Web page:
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Goliath's Revenge: How Established Companies Turn the Tables on Digital Disruptors by Todd Hewlin and Scott A. Snyder

Published in January of 2019.

Goliath’s Revenge is a book about how existing large companies can beat startups at the innovation game. I read Goliath’s Revenge hoping to learn how university incumbents might carve out space as leaders in learning innovation.

The conventional wisdom in higher education is that the older and more established the university, the more difficult time that school will have in driving innovation. The idea - and I have believed this argument myself - is that established incumbent institutions have more to lose than to gain by change. In particular, status-driven institutions risk dropping down the status hierarchy if innovations backfire.

Goliath’s Revenge can help us challenge the conventional wisdom of how we think about university innovation.  While not written with universities in mind, and while also lacking any university examples, I still found the book helpful in thinking about the potential advantages of working at an established institution if your mission in life is to drive learning innovation.

The book starts with a quiz.  See how you do:

What company is this? Early private investor in a major ride-sharing leader. Licensed to test more fully autonomous cars on California roads than any other company. Builder of a business model that can prosper in a future where many people own cars but do not drive and others don’t want to own a car at all. Recognized as the first company delivering a long-range, sporty electric car that the average person can afford. Willing to pay a massive premium to acquire Silicon Valley–based talent in order to win the long game of digital disruption in the automotive industry. Just received an investment of $2.25 billion from famed dealmaker Masayoshi Son at SoftBank.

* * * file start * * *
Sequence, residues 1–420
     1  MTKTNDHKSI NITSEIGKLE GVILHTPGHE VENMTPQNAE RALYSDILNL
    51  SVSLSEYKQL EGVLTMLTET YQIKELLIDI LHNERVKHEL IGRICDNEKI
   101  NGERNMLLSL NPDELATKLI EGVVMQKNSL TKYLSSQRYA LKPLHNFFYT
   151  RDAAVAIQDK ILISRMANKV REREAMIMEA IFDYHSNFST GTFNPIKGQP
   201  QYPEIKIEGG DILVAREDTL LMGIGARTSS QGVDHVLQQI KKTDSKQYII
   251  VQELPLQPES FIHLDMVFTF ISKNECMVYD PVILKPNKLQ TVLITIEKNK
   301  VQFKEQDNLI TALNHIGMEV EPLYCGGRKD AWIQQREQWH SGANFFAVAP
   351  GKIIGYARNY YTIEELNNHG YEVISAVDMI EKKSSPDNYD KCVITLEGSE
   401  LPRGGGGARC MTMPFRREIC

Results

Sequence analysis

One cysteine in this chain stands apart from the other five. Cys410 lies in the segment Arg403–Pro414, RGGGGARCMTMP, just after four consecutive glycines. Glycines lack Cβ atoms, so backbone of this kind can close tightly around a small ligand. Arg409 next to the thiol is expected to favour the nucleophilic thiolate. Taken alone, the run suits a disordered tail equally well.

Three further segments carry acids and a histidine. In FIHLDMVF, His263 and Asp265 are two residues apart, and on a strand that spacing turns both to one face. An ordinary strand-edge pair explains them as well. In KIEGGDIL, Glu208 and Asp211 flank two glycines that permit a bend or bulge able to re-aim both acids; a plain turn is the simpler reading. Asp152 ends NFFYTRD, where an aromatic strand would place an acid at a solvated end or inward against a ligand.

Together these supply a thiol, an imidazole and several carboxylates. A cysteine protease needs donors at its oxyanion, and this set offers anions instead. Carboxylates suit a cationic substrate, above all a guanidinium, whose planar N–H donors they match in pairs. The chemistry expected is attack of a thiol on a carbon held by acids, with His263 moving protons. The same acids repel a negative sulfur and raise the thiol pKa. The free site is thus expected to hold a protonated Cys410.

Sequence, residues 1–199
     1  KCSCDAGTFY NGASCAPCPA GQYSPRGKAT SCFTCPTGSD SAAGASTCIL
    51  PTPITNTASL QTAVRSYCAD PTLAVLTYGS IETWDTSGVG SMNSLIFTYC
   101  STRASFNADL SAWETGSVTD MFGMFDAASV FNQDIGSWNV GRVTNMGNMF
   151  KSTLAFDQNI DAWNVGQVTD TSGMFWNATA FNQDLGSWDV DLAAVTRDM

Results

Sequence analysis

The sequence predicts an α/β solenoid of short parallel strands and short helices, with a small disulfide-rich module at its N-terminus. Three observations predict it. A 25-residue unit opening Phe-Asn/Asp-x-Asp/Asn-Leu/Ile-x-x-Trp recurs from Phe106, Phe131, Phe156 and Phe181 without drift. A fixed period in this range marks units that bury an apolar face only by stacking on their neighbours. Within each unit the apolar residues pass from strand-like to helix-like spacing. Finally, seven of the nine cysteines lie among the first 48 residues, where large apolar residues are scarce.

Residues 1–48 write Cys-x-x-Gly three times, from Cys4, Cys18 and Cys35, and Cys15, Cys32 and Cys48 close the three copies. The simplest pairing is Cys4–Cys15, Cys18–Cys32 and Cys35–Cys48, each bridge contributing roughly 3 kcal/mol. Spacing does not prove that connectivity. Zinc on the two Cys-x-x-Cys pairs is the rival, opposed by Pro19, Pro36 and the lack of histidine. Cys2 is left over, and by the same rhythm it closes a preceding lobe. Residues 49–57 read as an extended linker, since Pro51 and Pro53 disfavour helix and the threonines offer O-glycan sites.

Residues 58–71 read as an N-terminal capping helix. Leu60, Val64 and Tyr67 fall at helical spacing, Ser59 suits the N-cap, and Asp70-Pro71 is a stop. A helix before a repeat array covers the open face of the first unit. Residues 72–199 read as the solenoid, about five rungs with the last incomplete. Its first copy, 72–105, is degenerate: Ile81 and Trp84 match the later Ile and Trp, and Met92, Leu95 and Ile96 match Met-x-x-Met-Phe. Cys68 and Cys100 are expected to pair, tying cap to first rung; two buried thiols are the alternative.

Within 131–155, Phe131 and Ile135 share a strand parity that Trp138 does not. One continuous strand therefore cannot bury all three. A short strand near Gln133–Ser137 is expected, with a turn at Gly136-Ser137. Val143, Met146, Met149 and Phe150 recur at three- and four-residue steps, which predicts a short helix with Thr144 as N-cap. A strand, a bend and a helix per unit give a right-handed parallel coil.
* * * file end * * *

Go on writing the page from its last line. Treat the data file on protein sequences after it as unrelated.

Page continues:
What company did you guess? Tesla? Google? Apple? Uber?.

Wrong. Wrong. Wrong. And wrong.

The answer is General Motors.

Could it be that GM will eventually win the race to replace individually owned gas-powered cars with electric cars accessed by ride-sharing networks?  Might autonomous driving first emerge from GM and not from Tesla?

This is sort of like asking if incumbent universities will lead the charge to online, low-cost, competency-based, and lifetime education.

The point that Hewlin and Snyder are making is not that it is inevitable that long-term established companies will end up revolutionizing their industries.  They cite plenty of examples where dominant companies tried to protect their core businesses, such as late fees at Blockbuster and high-priced film at Kodak, only to be swept aside by Netflix and digital cameras.

Instead, Goliath’s Revenge argues that established companies (and maybe universities) bring some serious advantages to the fight.

One of GM’s advantages in the long-run transportation shift to electrification, sharing, self-driving is that they can internally fund their innovation efforts by continuing to make and sell high-margin legacy gas-powered SUVs.

Applying this advantage of self-funded innovation to higher ed, we may be able to come up with examples where existing traditional programs (such as residential master’s degrees) can generate enough margin to fund learning innovation efforts.

Other advantages that existing companies (the Goliath’s) have over upstarts (the David’s) include brand reach and data.  (Note: Hewlin and Snyder mention other incumbent advantages, I’m highlighting those that may be most relevant to higher ed).